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Apple’s Lockdown Mode: a decent attempt, but no panacea


The tech giant’s newly introduced capacity to manually limit a device’s attack surface is a step in the right direction, but Lockdown Mode will hardly protect a victim from dedicated nation-state attackers in the long run.

Apple recently announced that a new version of its operating system (OS) would be equipped with a Lockdown Mode. The company calls it extreme and optional protection for the very small number of users “who face grave, targeted threats to their digital security.”

Apple developed the feature to help activists, journalists, and stakeholders protect against spyware, such as the infamous Pegasus software. Created by the NSO Group, the spyware specifically targeted Apple devices, which led the company to sue the Israeli spyware developer.

Apple's Lockdown Mode vizualization
Image by Apple. Edited by Cybernews.

Understanding the do’s and don’ts

While additional security measures are an important step in the right direction, it‘s vital that users understand what the Lockdown Mode does and doesn‘t do, says Brian Contos, chief security officer of Phosphorus Cybersecurity.

“Ultimately, this feature strips the device OS of a lot of functionality and features that attackers can exploit – so it’s basically about reducing the device’s attack surface. This is not adding advanced new features for detecting or preventing malware and zero-day attacks,” Contos explained to Cybernews.

For example, among other things, the new feature would prohibit the installation of configuration profiles, a common method hackers use to install malware on a victim’s device. However, reducing the threat surface will undoubtedly affect the overall usability of the device.

This begs a certain question. Dr Chris Pierson, CEO of cybersecurity firm BlackCloak, ponders whether users who should have the Lockdown Mode activated will choose to do so. People who are supposed to be protected by the feature – journalists and activists – have little use for a partly bricked phone.

"While Lockdown Mode will certainly benefit higher-risk users with added security on their iPhones, this should not be seen as a panacea for all cybersecurity risks to those devices,"

Dr Chris Pierson, CEO of cybersecurity firm BlackCloak, said.

“The key will be the implementation of these controls and whether they are either all on or off or if the user can tailor the experience for themselves,” Pierson said.

One of the key advantages of the Lockdown Mode could be an increased barrier for attackers, according to Daniel Trauner, Senior Director of Security at Axonius. Assuming that targets have the new feature activated, threat actors would have to dedicate time and resources to squeeze their way in via a reduced attack surface.

“Apple is realistic in knowing that Lockdown Mode won’t stop all attacks – that’s impossible – but it does put forth a commendable effort in disabling parts of the total attack surface that have traditionally contained the most zero-click exploit primitives. This drives the cost of a successful attack way up, which is meaningful to many threat actors,” Trauner explained.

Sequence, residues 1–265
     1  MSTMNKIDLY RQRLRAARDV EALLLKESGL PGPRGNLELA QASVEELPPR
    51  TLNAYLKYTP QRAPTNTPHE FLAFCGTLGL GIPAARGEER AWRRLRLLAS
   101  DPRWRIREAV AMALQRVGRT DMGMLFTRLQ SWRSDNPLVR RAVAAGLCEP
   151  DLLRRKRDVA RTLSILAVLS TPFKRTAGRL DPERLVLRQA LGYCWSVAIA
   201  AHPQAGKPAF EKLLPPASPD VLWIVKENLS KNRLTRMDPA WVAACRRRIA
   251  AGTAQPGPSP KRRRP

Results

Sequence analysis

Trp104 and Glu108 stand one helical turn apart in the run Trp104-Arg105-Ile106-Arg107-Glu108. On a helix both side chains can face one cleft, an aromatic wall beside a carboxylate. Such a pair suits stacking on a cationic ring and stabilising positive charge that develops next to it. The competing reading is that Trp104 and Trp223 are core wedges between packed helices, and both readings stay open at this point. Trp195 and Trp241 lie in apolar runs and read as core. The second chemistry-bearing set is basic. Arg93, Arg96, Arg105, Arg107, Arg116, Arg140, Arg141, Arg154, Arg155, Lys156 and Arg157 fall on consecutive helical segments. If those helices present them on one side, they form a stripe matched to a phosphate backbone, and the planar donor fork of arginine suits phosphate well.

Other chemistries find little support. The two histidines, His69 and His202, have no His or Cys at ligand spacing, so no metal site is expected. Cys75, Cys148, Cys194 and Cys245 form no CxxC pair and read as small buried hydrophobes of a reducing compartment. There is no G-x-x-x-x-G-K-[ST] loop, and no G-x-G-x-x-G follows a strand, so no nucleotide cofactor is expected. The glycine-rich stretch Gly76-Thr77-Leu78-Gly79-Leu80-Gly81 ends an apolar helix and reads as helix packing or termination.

This won’t clip Pegasus’ wings

Apple engineers seem to be confident about the reliability of the Lockdown Mode. The company will offer a $2 million bug bounty program, signaling that only advanced attackers could try penetrating Apple’s defenses.

However, that’s precisely the type of threat actors the feature should protect against. While the Lockdown Mode will defend against sophisticated spyware such as Pegasus at first, the novelty can quickly wear off.

“The reality is that nation-state hackers, who are the real focus of this new Apple protection, are going to review this software update just like every other developer. They are going to test it out, poke it and prod it, and figure out new ways to work around it,” Contos said.

Apple's Lockdown Mode vizualization
Image by Apple. Edited by Cybernews.

The reality of high-stakes cyber threats is that threats never stop evolving, and people behind prominent advanced persistent threats are likely already looking into workarounds for the soon-to-be-released feature. And eventually, they will find a way to get in.

Developers of military-grade spyware generally rely on zero-day vulnerabilities that by definition have no defenses, Pierson thinks. As long as threat actors discover zero-days, incarnations of Pegasus-like spyware will remain prominent.

“While Lockdown Mode will certainly benefit higher-risk users with added security on their iPhones, this should not be seen as a panacea for all cybersecurity risks to those devices. Targeted attacks will continue, and high-profile users will face new threats,” Pierson explained.

VIPs only

Since the Lockdown Mode will roll out with the new version of Apple’s operating system, all users will have access to a heightened device security level. Few, however, will benefit from it, says Russell Kent-Payne, the director of mobile security firm Certo.

“While it will offer some extra protection for everyday users, it will do little to stop things like commercial spyware or stalkerware, which are the sort of threats that most people are far more likely to encounter,” Kent-Payne explained.

Few will sacrifice their device functionality over security. Nor that they should, as most users will never be targeted by sophisticated state-sponsored hackers.

“Instead, most users should continue to focus on essential elements of cyber-hygiene, including enabling strong MFA [multi-factor authentication] whenever possible, avoiding password reuse across services, and installing security updates as soon as they are available,” Trauner said.


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